Also when Joy discusses this idea of "sentient" robots, I am also reminded of I, Robot. There is a robot named Sonny, who is of the next generation of robots (NS5), and he exhibits human feelings and emotions. He has dreams, cries, expresses anger and understands human actions like "winking." Dr. Lanning one of the head scientists at the Robotics center predicted that these certain things would happen, becasue he saw that the codes and make-ups of the robots would start to mold together, eventually creating these human characteristics. We later find out that this is why he has Sonny kill him. He realizes there is a robot revolution to come, which he did not think about when he first started to create these robots. This is what Joy refers to when he states, "Failing to understand the consequences of our inventions while we are in the rapture of discovery and innovation seems to be a common fault of scientists and technologists" (4). Dr. Lanning is a great example of how we can get so caught up in technology and how easy our lives will be, that we forget about the risks and dangers that can also result from these inventions. Dr. Lanning knew that it is was too late to stop the robots, and it would be "suicidal" to go back to life without them, so he decided it would be best if he were not around to see the dangerous side-effects of what once seemed to be a flaw-less system.

Lastly, I wanted to comment on the what Joy includes about Nietzsche warning against the replacement of God with faith in science and "truth-seeking." I completely agreee, because the more you gain in science the more you must question God and his purpose. If the people become creators who manipulate genes, etc. then they no longer see the reason in believing in God as the creator of all. In an extremist viewpoint, I think that the continued advances in science will eventually lead to an absolute denial of God. As far as "truth seeking" I believe that always wanting to know all the answers can be a dangerous thing. As the saying goes, "curiousity killed the cat;" dipping and medling into everything just to know "what if?" can lead to dier consequences and may cause more harm than benefit, as can aslo be seen in I, Robot.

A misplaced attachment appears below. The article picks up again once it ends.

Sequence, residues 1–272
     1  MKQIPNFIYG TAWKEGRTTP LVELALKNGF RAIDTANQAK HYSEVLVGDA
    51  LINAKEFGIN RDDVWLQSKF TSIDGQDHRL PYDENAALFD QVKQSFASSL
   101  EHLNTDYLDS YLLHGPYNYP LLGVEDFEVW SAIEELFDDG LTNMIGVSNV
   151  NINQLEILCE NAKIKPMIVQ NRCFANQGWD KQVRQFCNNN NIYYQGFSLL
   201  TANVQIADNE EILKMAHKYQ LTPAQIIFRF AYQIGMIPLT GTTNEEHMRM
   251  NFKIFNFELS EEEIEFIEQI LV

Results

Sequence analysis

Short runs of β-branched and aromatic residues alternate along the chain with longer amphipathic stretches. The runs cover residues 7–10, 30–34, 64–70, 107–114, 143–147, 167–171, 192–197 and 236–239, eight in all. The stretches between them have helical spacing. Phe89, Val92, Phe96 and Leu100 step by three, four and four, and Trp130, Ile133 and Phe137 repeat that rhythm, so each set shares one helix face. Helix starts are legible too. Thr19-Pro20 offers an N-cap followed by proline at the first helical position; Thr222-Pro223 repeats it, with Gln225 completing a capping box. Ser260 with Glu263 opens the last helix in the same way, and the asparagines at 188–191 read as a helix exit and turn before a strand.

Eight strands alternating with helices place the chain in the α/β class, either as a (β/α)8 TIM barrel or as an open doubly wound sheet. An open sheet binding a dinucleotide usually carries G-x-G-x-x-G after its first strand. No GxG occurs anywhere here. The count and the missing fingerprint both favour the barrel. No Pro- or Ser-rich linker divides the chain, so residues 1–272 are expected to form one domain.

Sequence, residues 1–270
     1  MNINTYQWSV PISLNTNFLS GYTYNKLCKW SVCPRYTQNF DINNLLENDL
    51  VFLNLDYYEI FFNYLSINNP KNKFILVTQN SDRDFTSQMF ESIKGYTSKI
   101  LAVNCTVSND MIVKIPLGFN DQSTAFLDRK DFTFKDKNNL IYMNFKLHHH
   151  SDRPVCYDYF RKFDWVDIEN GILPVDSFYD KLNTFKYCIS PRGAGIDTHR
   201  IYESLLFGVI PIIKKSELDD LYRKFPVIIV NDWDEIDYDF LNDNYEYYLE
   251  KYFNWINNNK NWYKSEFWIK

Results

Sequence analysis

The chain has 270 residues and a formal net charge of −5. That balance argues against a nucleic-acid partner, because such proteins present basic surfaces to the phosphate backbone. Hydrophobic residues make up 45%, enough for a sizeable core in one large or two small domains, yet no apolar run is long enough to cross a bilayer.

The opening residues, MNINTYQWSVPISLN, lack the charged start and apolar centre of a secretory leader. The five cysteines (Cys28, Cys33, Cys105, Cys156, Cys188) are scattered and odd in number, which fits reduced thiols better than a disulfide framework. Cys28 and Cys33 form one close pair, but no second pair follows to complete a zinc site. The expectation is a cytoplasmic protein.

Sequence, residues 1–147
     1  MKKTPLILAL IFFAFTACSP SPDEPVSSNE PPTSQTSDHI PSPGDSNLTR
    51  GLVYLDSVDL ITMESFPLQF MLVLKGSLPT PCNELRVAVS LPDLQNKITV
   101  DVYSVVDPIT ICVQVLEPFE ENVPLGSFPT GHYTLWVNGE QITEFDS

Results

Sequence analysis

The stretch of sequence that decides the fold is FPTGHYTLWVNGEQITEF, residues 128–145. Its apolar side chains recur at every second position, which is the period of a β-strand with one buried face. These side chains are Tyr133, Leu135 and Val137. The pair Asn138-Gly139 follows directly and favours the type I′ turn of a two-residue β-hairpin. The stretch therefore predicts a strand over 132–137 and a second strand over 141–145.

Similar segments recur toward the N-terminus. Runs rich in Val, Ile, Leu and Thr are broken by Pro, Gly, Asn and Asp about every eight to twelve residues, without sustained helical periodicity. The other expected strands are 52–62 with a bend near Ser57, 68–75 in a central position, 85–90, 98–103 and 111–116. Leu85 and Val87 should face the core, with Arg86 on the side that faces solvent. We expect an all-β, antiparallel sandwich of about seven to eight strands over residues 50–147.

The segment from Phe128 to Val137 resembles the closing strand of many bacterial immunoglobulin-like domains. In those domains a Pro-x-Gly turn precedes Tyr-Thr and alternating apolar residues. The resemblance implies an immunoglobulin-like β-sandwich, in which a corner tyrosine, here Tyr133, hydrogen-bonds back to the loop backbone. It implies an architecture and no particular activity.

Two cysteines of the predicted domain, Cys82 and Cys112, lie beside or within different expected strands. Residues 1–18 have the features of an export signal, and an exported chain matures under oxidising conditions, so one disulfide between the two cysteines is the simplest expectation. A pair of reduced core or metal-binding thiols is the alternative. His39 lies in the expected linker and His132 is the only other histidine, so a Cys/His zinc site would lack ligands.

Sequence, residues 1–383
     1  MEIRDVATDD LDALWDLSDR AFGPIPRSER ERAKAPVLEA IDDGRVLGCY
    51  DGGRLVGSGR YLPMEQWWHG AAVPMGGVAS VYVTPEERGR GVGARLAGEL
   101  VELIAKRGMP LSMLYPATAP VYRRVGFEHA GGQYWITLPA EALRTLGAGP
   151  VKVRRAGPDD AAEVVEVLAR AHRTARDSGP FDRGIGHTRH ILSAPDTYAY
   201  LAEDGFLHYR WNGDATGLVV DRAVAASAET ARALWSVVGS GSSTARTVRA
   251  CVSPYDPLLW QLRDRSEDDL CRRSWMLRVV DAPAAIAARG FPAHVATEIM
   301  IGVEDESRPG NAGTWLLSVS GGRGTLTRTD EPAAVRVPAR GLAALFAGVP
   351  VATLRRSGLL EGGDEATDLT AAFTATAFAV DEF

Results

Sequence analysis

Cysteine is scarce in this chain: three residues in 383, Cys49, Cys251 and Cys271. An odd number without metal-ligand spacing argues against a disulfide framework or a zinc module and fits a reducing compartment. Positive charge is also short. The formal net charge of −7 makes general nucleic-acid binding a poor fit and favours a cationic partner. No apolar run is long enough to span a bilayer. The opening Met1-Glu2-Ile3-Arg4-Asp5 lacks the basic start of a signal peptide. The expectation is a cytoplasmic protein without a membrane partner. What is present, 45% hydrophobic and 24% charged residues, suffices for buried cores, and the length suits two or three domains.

Meg Patton said...

That's funny because I Robot also came right to mind when I began reading this article. Joy actually mentions I, Robot the novel on page five. The part I find most interesting in the film is definitely when the robot, Sunny, is discovered to have human emotions. It's exactly what Joy is saying our knowledge being dangerous and eventually technology would fuse with us and if you will, white us out. It is interesting that the scientist that actually created the robots realized how their intelligence will exceed humanity and eventually wipe it out. Like Joy says, our "what you might call technological arrogance," is what will eventually cause us to be taken over and destroyed by technology.

Adam Johns said...

I wish I wasn't in such a hurry - but anyway, I need to post something!

There is a wonderful tension between the book and the movie of _I, Robot_ (both of which I use when I teach Science Fiction), which is something I may talk about today. There are utopian and dystopian traditions in science fiction - the movie is basically dystopian (as is Joy), and the book is basically utopian. It's a wonderful way of talking about the two traditions, and why we have such mixed responses to technology...

Nice, provocative post.